3 Physical Therapy Rehab Phases for Tennis Elbow Everyone Needs to Follow

physical therapy for tennis elbow

If you are one of the millions of people around the globe who become affected with tennis elbow each year, you know the pain is real.

And of the most frustrating aspects of this repetitive strain injury is that impacts so many tasks and everyday chores that we simply take for granted.

You’ve probably already done some research online into your condition but

Did you know that if you go the route of physical therapy for tennis elbow, you should know that there are 3 phases in which you will need to implement and follow.

Let’s take a deeper look into what is involved for each of these phases.

Phase 1

phase 1 physical therapy

Your primary goal at the beginning of your rehab is to address your symptoms.

That means controlling pain and inflammation, jump starting the healing process of your muscle fibres/tendons and addressing any muscle atrophy that may be present.

So what steps do you need to take?

The very first thing you can do is rest your affected arm.

Now I don’t mean putting your arm in a sling or just sitting around at home and not using your arm at all.

Immobilizing your affected arm altogether only promotes muscle atrophy, so please keep your arm moving.

What I mean is to avoid any and all movements or actions that make your elbow pain worse.

For example, don’t carrying around heavy bags using your affected arm.

Avoid all activities that require extension of your wrist and forceful gripping/squeezing.

Get some ice on your elbow.

Especially over the first few weeks of suffering your injury.

It will help with pain and address inflammation/swelling issues.

Use some sort of bandage or compress on your elbow can provide a feeling and sense of comfort.

It also is a sign to others that you are injured and to avoid bumping into you.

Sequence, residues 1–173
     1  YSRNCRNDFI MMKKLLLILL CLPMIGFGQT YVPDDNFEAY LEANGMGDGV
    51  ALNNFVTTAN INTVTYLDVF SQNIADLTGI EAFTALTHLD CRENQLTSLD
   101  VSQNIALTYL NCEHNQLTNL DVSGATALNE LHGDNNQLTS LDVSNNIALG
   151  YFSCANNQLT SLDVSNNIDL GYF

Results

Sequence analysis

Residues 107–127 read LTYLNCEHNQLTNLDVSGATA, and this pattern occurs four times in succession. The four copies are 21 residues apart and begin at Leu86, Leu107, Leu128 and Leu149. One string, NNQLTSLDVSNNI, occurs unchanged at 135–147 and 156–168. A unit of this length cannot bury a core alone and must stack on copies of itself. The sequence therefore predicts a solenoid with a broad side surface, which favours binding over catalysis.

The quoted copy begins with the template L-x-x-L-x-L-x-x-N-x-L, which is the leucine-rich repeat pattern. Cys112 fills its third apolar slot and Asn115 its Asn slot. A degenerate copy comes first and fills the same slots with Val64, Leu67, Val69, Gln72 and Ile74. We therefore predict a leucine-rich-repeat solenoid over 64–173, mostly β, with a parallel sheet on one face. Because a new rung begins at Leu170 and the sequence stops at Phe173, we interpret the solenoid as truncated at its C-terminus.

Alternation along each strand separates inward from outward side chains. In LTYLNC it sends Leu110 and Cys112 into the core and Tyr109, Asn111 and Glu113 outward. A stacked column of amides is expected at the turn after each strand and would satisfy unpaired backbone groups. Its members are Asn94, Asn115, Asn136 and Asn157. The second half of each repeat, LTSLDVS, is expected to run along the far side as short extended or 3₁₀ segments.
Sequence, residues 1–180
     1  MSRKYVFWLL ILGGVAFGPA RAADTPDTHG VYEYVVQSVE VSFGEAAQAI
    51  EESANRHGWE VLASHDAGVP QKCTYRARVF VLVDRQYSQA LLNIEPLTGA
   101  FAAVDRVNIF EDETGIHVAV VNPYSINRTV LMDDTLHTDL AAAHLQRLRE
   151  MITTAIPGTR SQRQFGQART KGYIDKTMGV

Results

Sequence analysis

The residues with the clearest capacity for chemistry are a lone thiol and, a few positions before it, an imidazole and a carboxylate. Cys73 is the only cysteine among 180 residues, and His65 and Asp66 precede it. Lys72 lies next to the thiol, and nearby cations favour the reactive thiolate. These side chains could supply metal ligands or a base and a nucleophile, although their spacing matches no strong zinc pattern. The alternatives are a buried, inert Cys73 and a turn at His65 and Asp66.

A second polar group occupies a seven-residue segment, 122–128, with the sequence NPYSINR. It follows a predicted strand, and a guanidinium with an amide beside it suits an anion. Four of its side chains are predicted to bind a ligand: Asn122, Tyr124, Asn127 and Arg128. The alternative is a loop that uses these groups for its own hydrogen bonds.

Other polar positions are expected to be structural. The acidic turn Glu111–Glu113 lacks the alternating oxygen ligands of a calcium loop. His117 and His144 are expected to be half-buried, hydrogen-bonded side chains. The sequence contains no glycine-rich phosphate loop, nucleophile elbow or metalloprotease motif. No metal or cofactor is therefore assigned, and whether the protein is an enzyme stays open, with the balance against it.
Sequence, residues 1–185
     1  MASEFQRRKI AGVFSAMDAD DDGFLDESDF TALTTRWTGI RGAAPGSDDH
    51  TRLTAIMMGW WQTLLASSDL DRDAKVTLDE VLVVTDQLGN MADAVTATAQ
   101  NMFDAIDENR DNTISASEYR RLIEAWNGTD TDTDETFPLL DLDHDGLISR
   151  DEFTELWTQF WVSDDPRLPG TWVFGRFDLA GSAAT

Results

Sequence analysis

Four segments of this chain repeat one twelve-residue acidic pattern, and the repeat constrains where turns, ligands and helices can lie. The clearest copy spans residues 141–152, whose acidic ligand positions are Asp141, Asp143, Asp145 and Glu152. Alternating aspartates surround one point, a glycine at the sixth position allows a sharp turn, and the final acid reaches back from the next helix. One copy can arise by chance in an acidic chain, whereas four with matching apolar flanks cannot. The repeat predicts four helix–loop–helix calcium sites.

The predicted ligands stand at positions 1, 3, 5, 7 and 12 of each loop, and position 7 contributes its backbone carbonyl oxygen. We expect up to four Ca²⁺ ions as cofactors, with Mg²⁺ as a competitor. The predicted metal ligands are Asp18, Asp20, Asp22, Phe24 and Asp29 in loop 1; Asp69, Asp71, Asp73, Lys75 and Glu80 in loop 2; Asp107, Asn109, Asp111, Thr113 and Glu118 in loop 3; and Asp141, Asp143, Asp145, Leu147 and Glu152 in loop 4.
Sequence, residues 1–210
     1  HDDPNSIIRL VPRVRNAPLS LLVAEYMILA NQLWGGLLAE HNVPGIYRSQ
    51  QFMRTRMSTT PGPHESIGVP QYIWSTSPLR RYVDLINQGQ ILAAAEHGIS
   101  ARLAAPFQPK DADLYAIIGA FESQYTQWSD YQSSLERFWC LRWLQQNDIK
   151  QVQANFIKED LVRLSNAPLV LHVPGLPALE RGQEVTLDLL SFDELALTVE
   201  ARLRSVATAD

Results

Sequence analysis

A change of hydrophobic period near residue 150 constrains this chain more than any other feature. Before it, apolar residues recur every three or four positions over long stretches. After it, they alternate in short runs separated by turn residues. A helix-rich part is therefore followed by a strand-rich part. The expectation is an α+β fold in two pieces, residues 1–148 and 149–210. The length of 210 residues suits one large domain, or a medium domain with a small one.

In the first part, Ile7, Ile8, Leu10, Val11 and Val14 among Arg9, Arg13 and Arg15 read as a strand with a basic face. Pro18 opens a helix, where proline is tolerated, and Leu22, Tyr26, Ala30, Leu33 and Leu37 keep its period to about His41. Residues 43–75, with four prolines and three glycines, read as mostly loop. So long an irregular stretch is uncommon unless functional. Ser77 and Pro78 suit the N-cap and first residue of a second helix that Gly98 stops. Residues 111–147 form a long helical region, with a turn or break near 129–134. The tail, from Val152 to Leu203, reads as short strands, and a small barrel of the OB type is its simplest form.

The website MoveForwardPT.com has a great article on physio and tennis elbow you really should read.

Phase 2

phase 2 physical therapy

Your main objective in this phase of your physical therapy is to increase your arm’s flexibility and strength.

And eventually return to all normal activities without elbow pain.

When you do stretches for tennis elbow, it is important to keep your arm straight.

This will allow for the deepest and most effective stretch.

It’s important to remember that you should never stretch to the point of pain or making your symptoms any worse than they already are.

Listen to your body and if something doesn’t “feel right” – simply stop.

So which stretches are best?

Check out my article on the Top 4 Stretches for tennis elbow over here.

Once you’ve mastered the stretching aspect as part of your therapy plan

You next need to start the strengthening phase.

And this is much simpler than it sounds.

When you mention the word “exercise” to people, they immediately think money, time and sweat.

Not necessarily in that order.

When it comes to tennis elbow, you don’t really need any of these three.

You don’t need money to invest in exercise equipment (although if you goto a physical therapist, you’d better have a money tree)

Time – you only need 3 minutes every other day.

I’m sure you have that, especially if it means putting an end to your elbow discomfort once and for all.